Resident Wildlife at Eland Lodge: The Little Owl

Written by John Coupland

Resident Wildlife at Eland Lodge: The Little Owl

So even though it is little, about the size of a large thrush, “Little Owl” is actually its “common name”, it’s Latin name is Athene Noctua and we have been lucky enough to be a grateful host to a family of Little Owls for the last 16 years. Surprisingly they are an immigrant, not popular these days, but unusually for introduced species they haven’t done terrible harm and have settled in rather well. The family we have on site have occupied a disused pump house for all of that time and It’s always been a little bonus when walking the dogs to look across and see one or if you’re very, very lucky two of them standing on the top of the door surveying their territory. The juveniles have quite indistinct markings kind of a “fluffy bunny” look, but the adults are quite the reverse, their markings are clear and precise with sharp striations and clear eyebrow markings that give them an almost comedic bad tempered look. It’s a look of permanent distain, like the look “that teacher” always gave, the disapproving Aunt, the girlfriends Dad, the Police Officer who knew you were guilty, he just didn’t know what for yet. But it’s just a look.

They are very neat, slightly longer in the leg than a lot of owls, pretty markings and a sharp well defined face, always a delight to see. Although roosting in the disused pump house, they hunt from the big Beech tree in our garden. During the day this tree is Jackdaw and Crow central with flocks of these Corvids enjoying the vantage the tree gives them to ride the wind and to spy any opportunity for food, but at night it belongs to the Owls. I hear their calls as they settle to hunt. It’s sort of a mewing call but when agitated it changes to a sharp yelping sound or a more urgent chi chi chi!

We have had Little Owls resident at Eland Lodge for all of the 16 years we have been here. The population never seems to vary, the same family in the same redundant building never diminishing or expanding always constant. They are not a prolific breeder, they raise only one clutch per year of 3-4 eggs and have a typical life span in the wild of three to four years which is not untypical for owls unfortunately. As they are not the most “busy” in the breeding stakes, they are obviously susceptible to changes in environment, feed and disease. Thankfully as we don’t use any pesticides, artificial fertilisers or weed killers the environment here is very stable and lacking in the poisons that have destroyed so many ecosystems. The stability this provides is an ideal environment for the owls to breed and maintain populations. As well as the lack of chemical inputs, we have taken some other more positive steps to help all of our bird populations, those domestic and those visiting seasonally. There are large tracks of uncultivated ground crossing the site allowing breeding environments for invertebrates and small mammals providing feeding opportunities for all of the birds on site. From small insects both flying and sedentary, larger invertebrates, beetles, harvestmen and the like, worms, field mice, voles etc these overgrown spaces provide a rich source of life, food and shelter and drive biodiversity.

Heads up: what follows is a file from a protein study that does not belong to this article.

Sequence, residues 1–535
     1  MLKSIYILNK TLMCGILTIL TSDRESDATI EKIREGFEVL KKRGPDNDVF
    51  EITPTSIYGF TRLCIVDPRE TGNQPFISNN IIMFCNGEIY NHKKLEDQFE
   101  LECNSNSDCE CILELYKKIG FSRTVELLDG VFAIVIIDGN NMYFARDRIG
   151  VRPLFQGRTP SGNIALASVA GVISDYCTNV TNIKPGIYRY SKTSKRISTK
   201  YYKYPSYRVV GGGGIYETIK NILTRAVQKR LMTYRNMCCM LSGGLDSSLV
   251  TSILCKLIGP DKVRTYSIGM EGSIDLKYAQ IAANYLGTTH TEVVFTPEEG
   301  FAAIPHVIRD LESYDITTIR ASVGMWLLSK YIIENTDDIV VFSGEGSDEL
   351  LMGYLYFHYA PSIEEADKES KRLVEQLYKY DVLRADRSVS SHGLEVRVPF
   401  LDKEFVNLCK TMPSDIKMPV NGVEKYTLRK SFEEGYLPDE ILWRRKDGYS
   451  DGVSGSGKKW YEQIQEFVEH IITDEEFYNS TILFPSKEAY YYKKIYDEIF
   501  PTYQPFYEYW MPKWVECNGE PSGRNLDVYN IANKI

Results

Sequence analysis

The Little Owls feed off a mixture of invertebrates, beetles insects and the like, they will take small mammals such as field mice or voles but when you pull apart their owl pellets,(the regurgitated, indigestible parts of their food), it’s made up mostly of invertebrates. It never fails to surprise me how we exaggerate the size of they prey most hunters take, wolves are typically shown bringing down caribou or musk oxen but their diet is usually sustained by smaller prey like lemmings. And so it is with the Little Owl, whilst capable of catching mice and the like it’s normally more mundane fayre for our little friends. The owl pellets show that the bulk of the stuff they catch and eat are beetles and other large invertebrates.

Whilst on the subject of Owl Pellets, they are a fascinating thing in themselves. All owls produce them, they are the indigestible elements of their prey, normally bone, fur, insect carapaces they give a fascinating insight into the owl’s diet. The pellet is regurgitated,"sicked up” if you will, it has not gone all the way through the owl’s digestive system so they don’t smell, they are not slimy and are easy to handle. Owls normally regurgitate the pellets on a resting post or vantage point so they are quite easy to find and once found, you have a clear picture of what the bird had to eat over the last 48hrs. Don’t be squeamish put some gloves on if you have to and pull a few apart, you will be enthralled! The Barn Owl and Tawney Owl pellets are most fun, you can see the skulls and large limb bones of the small mammals they catch and devour, so their diet is obvious. Little Owl pellets are no less informative, you can see the masses of beetle and insect exoskeletons in them together with the occasional mammalian bit.

So there you have it, our favourite, constant, little friend who has occupied the site long before we came and will hopefully reside here long after we are gone. I love having them here they enrich us and the site and it is my fervent hope that they continue to prosper and enjoy their stay here. We will do everything we can to encourage and protect them.